Deploying Early Hints

HTTP/2 included server push, a feature designed to allow servers to “push” a request/response pair to clients when they knew the client was going to need something, so it could avoid the latency penalty of making a request and waiting for the response.

After HTTP/2 was finalised in 2015, Cloudflare and many other HTTP implementations soon rolled out server push in anticipation of big performance wins. Unfortunately, it turned out that’s harder than it looks; server push effectively requires the server to predict the future—not only what requests the client will send but also what the network conditions will be. And, when the server gets it wrong (“over-pushing”), the pushed requests directly compete with the real requests that the browser is making, representing a significant opportunity cost with real potential for harming performance, rather than helping it. The impact is even worse when the browser already has a copy in cache, so it doesn’t need the push at all.

As a result, Chrome removed HTTP/2 server push in 2022. Other browsers and servers might still support it, but the community seems to agree that it’s only suitable for specialised uses currently, like the browser notification-specific Web Push Protocol.

That doesn’t mean that we’re giving up, however. The 103 (Early Hints) status code was published as an Experimental RFC by the HTTP Working Group in 2017. It allows a server to send hints to the browser in a non-final response, before the “real” final response. That’s useful if you know that the content is going to include some links to resources that the browser will fetch, but need more time to get the response to the client (because it will take more time to generate, or because the server needs to fetch it from somewhere else, like a CDN does).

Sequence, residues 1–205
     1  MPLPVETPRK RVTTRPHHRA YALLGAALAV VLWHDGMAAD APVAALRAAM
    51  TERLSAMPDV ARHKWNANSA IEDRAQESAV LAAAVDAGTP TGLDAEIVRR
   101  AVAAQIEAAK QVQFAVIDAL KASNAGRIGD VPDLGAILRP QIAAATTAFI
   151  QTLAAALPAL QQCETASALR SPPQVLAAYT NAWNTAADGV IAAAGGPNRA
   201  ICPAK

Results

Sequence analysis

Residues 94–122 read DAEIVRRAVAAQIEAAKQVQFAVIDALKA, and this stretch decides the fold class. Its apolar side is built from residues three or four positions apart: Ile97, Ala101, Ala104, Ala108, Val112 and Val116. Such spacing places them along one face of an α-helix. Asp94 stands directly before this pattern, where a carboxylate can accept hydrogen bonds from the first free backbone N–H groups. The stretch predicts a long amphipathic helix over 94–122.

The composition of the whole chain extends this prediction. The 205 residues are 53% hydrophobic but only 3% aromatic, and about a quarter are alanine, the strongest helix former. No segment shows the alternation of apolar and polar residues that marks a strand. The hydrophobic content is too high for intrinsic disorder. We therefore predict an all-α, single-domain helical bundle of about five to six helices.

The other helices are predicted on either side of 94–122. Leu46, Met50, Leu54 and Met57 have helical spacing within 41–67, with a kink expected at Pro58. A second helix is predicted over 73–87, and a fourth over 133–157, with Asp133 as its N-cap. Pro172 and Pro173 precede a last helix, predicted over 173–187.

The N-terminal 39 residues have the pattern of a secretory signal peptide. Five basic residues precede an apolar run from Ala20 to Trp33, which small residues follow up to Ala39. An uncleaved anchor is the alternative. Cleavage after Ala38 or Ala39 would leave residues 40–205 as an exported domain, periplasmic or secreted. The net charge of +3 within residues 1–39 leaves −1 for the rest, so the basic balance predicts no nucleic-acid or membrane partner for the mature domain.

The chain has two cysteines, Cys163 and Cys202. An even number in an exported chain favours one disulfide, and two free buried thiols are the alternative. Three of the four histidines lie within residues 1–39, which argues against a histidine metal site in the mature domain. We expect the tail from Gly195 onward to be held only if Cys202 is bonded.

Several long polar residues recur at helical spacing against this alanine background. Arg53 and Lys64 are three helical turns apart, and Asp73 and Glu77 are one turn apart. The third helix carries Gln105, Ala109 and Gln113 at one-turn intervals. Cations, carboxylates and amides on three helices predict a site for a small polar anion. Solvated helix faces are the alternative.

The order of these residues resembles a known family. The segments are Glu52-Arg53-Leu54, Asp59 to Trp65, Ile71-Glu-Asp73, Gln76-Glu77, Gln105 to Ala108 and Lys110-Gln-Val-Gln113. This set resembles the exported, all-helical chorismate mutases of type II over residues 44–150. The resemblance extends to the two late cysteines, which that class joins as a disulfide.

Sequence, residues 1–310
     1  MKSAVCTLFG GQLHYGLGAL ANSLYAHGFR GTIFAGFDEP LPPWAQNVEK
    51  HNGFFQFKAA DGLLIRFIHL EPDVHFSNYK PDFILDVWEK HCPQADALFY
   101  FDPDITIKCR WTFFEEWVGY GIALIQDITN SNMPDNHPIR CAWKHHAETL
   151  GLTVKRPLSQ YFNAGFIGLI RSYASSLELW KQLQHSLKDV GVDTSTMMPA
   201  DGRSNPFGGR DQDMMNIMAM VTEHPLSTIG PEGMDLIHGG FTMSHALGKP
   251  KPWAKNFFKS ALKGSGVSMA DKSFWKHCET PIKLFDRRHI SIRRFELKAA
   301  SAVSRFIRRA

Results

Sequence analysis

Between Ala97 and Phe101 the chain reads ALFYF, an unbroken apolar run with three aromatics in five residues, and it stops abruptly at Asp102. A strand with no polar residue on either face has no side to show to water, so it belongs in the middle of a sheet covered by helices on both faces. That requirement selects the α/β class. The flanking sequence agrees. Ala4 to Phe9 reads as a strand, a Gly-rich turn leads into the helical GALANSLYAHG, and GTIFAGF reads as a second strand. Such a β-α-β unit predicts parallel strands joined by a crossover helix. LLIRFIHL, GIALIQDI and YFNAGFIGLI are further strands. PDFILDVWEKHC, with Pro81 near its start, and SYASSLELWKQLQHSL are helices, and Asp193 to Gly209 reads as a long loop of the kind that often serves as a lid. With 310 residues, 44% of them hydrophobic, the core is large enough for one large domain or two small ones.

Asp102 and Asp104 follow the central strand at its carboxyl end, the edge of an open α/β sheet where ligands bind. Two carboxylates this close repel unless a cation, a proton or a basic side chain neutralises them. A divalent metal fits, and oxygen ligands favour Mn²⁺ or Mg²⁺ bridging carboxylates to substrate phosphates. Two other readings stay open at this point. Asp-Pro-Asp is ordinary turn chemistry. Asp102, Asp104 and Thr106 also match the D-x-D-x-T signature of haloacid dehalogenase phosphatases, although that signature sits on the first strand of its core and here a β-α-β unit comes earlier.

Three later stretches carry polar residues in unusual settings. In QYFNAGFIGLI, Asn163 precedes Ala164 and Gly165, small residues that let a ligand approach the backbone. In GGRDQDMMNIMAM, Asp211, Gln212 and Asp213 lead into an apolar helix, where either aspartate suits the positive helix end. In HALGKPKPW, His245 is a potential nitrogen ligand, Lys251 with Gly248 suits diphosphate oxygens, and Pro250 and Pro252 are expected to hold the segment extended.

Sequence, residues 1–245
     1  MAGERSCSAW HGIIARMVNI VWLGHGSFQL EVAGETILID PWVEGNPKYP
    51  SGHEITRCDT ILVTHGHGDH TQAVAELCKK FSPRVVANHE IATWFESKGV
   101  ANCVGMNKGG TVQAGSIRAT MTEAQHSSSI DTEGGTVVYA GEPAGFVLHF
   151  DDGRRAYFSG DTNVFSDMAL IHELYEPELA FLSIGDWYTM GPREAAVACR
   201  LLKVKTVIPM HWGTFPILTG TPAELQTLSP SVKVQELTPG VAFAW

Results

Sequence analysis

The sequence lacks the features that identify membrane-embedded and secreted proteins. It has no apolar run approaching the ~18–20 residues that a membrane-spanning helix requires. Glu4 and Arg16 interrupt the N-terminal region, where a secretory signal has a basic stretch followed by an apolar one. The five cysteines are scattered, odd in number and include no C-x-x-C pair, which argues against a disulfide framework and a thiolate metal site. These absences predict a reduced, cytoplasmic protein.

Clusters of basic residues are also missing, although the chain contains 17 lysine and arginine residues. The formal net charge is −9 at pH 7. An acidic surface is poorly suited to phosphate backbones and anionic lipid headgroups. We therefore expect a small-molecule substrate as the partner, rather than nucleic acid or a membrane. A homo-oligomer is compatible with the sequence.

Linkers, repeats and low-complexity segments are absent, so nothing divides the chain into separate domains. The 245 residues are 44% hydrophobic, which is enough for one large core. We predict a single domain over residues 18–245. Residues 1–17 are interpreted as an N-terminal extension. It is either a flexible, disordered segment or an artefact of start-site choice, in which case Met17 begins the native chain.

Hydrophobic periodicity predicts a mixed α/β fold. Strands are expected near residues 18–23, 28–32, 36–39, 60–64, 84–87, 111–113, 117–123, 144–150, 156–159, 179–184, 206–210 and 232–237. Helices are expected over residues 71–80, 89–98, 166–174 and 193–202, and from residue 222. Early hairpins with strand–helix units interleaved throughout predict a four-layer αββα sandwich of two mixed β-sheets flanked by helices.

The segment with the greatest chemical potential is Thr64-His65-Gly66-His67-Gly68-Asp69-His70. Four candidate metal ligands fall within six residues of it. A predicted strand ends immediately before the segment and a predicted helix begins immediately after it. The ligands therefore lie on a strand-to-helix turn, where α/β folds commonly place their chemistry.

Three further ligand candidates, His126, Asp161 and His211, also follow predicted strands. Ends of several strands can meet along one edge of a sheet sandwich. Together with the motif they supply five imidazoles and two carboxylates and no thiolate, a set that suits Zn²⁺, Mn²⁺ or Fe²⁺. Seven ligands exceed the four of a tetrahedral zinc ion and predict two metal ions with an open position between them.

Early Hints can be used in many situations that server push was designed for — for example, when you have CSS and JavaScript that a page is going to need to load. In theory, they’re not as optimal as server push, because they only allow hints to be sent when there’s an outstanding request, and because getting the hints to the client and acted upon adds some latency.

In practice, however, Cloudflare and our partners (like Shopify and Google) spent 2022 experimenting with Early Hints and finding them much safer to use, with promising performance benefits that include significant reductions in key web performance metrics.

We’re excited about the potential that Early Hints show; so excited that we’ve integrated them into Cloudflare Pages. We’re also evaluating new ways to improve performance using this new capability in the protocol.

Privacy-focused intermediation

For many, the most exciting HTTP protocol extensions in 2022 focused on intermediation—the ability to insert proxies, gateways, and similar components into the protocol to achieve specific goals, often focused on improving privacy.